Figure 5 shows the development model of the on-board tilting mechanism to validate the effectiveness of the design through operational function test and launch environment tests, such as sine burst test, random vibration test, and shock test. In the development model of the mechanism, a dummy plate of the driving structure module was used to simulate the mass and the center of gravity of the on-board blackbody. The other parts, including the SMA springs, were the same as in the flight model of the mechanism. The total mass of the mechanism is 4.97 kg with a maximum volume of 308.5 x 225 x 300 [mm.sup.3] when its driving structure module is fully deployed for the execution of on-board calibration. The deployed position of the mechanism is maintained by the holding torque of the motor during the calibration time of 3 s. To control the stepper motor accurately, a microstepping control function is programed in the motor driver.

For the design of the calibration mechanism, we derived the torque budget using the ECSS standard rule [18]. The required torque for a step motor should be larger than or equal to the sum of the external torque from the limit switches, the ball bearings, and constant-force springs with some margin as follows:

[T.sub.m] [greater than or equal to] 2(1.2[T.sub.l] + 1.2[T.sub.c] + 3[T.sub.b]), (1)

where [T.sub.m] is the required motor torque; [T.sub.l] is the limit switch torque; [T.sub.c] is the constant-force spring torque; [T.sub.b] is the bearing friction torque. For the fail-safe function, the constant-force spring torque of [T.sub.c] should be larger than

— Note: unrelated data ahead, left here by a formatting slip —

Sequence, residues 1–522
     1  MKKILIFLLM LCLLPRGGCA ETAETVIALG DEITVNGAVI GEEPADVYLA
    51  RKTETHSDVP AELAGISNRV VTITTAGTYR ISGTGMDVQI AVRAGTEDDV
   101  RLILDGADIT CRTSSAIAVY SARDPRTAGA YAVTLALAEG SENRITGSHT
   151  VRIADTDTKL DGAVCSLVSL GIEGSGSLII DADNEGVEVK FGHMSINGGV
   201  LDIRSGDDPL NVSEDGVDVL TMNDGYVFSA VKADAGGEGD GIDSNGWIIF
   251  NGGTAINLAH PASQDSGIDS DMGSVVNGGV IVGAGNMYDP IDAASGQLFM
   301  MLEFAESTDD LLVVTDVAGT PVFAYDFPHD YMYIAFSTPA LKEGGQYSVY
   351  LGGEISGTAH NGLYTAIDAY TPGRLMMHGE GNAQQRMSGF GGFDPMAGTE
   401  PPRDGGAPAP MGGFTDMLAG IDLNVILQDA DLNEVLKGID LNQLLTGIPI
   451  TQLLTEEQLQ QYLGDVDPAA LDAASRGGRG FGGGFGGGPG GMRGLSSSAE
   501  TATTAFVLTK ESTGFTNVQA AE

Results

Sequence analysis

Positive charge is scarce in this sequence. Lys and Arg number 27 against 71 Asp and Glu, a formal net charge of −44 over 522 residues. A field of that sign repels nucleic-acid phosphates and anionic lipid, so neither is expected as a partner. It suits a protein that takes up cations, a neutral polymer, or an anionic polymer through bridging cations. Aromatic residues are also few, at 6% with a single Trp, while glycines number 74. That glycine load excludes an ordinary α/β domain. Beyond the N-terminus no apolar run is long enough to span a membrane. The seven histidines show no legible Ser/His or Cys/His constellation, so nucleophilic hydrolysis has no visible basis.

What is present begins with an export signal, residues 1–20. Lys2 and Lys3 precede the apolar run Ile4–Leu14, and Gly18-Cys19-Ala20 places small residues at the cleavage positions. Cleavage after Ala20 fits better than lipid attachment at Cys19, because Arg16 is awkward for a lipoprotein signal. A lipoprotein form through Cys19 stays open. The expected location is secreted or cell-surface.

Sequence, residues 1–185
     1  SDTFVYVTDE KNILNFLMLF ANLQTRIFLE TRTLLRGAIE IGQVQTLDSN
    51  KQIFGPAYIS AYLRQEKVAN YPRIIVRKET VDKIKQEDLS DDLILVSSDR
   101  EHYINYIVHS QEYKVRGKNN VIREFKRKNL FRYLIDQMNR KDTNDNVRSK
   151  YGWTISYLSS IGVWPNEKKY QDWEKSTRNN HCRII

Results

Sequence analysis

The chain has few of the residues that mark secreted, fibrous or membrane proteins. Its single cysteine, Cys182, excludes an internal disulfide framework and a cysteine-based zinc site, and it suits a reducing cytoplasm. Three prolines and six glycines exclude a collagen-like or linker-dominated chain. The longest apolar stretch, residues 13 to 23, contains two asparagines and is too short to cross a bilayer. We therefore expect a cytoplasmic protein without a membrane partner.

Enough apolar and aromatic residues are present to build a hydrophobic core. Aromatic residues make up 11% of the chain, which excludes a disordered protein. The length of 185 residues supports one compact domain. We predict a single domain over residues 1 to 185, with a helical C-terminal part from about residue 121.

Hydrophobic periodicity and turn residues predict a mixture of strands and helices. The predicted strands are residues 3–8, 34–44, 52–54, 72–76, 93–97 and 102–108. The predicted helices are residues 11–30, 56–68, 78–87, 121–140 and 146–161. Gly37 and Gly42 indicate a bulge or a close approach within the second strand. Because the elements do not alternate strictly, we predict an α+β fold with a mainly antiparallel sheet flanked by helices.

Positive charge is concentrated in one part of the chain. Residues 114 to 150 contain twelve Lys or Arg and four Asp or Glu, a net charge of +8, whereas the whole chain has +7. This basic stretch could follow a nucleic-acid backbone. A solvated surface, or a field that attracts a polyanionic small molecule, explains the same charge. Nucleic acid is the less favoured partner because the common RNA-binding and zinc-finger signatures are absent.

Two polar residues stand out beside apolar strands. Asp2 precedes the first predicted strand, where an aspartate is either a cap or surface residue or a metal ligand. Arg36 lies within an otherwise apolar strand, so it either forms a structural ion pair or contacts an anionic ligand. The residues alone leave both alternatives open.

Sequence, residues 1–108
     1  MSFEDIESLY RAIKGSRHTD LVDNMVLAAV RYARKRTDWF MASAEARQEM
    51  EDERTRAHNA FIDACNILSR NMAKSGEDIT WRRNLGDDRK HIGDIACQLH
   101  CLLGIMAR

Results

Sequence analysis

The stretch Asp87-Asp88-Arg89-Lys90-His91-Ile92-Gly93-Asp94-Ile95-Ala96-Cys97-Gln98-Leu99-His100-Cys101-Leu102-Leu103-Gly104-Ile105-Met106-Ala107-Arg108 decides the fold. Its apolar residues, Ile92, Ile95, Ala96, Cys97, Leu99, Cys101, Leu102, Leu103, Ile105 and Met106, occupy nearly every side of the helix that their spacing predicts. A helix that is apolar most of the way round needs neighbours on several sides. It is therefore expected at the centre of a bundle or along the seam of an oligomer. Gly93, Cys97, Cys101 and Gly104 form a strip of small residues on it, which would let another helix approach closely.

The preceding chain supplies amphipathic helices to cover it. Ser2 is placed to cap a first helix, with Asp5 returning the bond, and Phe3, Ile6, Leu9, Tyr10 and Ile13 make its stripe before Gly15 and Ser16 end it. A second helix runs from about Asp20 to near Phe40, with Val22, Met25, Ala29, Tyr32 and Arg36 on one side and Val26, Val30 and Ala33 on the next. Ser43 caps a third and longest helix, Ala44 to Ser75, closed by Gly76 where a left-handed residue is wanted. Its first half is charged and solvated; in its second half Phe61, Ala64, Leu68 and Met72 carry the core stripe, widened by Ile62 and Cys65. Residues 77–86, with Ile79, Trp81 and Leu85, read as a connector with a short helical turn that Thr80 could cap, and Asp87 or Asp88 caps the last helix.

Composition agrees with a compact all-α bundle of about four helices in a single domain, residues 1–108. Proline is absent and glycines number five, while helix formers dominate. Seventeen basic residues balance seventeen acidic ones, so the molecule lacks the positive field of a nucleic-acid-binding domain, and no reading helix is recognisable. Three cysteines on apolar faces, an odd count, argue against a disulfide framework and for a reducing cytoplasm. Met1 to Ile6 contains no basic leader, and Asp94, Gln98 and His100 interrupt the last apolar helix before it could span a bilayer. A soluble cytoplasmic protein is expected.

[T.sub.c] [greater than or equal to] [T.sub.l] + [T.sub.f] + [T.sub.b], (2)

where [T.sub.f] is the rotational friction torque between the locking pin and the fail-safe holes on the bearing bracket. Table 1 summarizes the torque budget of the tilting calibration mechanism and specification of the hardware selected for the mechanism. The use of an SMA spring in combination with a helical coil spring is important for the implementation of the fail-safe function in the mechanism. Table 2 lists the specifications of the SMA spring (SAES Getters Group, SmartFlex015) [15] and the helical coil spring used in the mechanical two-way actuator in emergency conditions.

3. Experimental Validation of Test Results

To validate the effectiveness of the proposed design of the tilting calibration mechanism, we performed operational function tests such as deploying, stowing, and fail-safe. The functional test results prior to a sine burst test, random vibration test, and shock test to check the structural safety of the mechanism in a launch environment were compared with the functions after the launch environment test. The target angle for judging successful deployment measured from the stowing position of the mechanism was 118[degrees] [+ or -] 0.35[degrees], and the required stowing angle to avoid interference with the main optical path was less than 35[degrees]. A total of seven angle measurement tests were conducted to ensure the functionality of the mechanism. The tests were conducted at 20[degrees]C in an ambient environment.